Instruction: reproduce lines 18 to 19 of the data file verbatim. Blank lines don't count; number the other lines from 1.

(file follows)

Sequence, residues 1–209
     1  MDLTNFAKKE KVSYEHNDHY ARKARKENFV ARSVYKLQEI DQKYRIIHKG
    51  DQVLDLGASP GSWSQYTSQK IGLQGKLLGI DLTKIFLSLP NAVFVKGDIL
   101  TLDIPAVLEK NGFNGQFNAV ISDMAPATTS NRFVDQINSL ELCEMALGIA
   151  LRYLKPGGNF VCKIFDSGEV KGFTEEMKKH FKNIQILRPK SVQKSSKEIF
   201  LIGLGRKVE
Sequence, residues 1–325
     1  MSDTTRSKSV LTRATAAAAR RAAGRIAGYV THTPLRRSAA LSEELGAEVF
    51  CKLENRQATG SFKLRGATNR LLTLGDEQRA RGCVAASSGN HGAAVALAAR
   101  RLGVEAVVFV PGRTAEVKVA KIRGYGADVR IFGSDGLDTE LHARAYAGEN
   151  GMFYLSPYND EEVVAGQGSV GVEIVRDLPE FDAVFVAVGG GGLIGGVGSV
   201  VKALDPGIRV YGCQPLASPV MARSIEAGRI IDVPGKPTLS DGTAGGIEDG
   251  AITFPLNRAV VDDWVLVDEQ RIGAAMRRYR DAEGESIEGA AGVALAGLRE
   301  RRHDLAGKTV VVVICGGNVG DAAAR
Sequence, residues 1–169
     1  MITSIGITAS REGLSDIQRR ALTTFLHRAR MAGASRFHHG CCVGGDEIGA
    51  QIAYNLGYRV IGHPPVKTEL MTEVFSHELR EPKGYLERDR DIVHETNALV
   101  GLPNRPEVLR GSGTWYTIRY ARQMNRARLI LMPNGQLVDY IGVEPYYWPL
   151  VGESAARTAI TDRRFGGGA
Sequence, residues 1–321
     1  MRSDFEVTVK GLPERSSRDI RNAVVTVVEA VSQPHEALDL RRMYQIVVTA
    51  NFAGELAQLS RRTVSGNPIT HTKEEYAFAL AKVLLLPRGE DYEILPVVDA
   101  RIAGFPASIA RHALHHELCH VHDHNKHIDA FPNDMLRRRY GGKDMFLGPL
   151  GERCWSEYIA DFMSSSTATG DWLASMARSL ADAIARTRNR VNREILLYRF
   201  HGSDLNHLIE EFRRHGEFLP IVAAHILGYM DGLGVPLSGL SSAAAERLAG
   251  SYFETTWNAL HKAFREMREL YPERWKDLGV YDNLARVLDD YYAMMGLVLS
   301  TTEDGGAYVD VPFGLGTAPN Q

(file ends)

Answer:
   101  GLPNRPEVLR GSGTWYTIRY ARQMNRARLI LMPNGQLVDY IGVEPYYWPL
   151  VGESAARTAI TDRRFGGGA